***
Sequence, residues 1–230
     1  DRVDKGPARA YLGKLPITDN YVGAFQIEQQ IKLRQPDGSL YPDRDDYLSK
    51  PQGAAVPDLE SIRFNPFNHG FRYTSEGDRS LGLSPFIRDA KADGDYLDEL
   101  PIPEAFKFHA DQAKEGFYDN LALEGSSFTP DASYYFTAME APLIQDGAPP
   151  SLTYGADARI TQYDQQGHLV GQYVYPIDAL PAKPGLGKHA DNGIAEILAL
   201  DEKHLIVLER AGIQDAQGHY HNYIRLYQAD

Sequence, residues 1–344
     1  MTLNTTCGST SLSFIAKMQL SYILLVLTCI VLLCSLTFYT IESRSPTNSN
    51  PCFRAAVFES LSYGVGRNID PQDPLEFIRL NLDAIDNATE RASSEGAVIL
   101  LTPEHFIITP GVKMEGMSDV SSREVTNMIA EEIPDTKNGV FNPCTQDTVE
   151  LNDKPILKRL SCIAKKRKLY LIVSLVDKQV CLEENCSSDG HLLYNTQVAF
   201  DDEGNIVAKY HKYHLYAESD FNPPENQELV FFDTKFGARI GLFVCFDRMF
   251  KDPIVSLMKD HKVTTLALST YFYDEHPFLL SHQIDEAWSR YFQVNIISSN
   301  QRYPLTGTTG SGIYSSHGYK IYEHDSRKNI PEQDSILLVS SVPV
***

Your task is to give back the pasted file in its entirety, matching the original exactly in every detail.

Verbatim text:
Sequence, residues 1–230
     1  DRVDKGPARA YLGKLPITDN YVGAFQIEQQ IKLRQPDGSL YPDRDDYLSK
    51  PQGAAVPDLE SIRFNPFNHG FRYTSEGDRS LGLSPFIRDA KADGDYLDEL
   101  PIPEAFKFHA DQAKEGFYDN LALEGSSFTP DASYYFTAME APLIQDGAPP
   151  SLTYGADARI TQYDQQGHLV GQYVYPIDAL PAKPGLGKHA DNGIAEILAL
   201  DEKHLIVLER AGIQDAQGHY HNYIRLYQAD

Sequence, residues 1–344
     1  MTLNTTCGST SLSFIAKMQL SYILLVLTCI VLLCSLTFYT IESRSPTNSN
    51  PCFRAAVFES LSYGVGRNID PQDPLEFIRL NLDAIDNATE RASSEGAVIL
   101  LTPEHFIITP GVKMEGMSDV SSREVTNMIA EEIPDTKNGV FNPCTQDTVE
   151  LNDKPILKRL SCIAKKRKLY LIVSLVDKQV CLEENCSSDG HLLYNTQVAF
   201  DDEGNIVAKY HKYHLYAESD FNPPENQELV FFDTKFGARI GLFVCFDRMF
   251  KDPIVSLMKD HKVTTLALST YFYDEHPFLL SHQIDEAWSR YFQVNIISSN
   301  QRYPLTGTTG SGIYSSHGYK IYEHDSRKNI PEQDSILLVS SVPV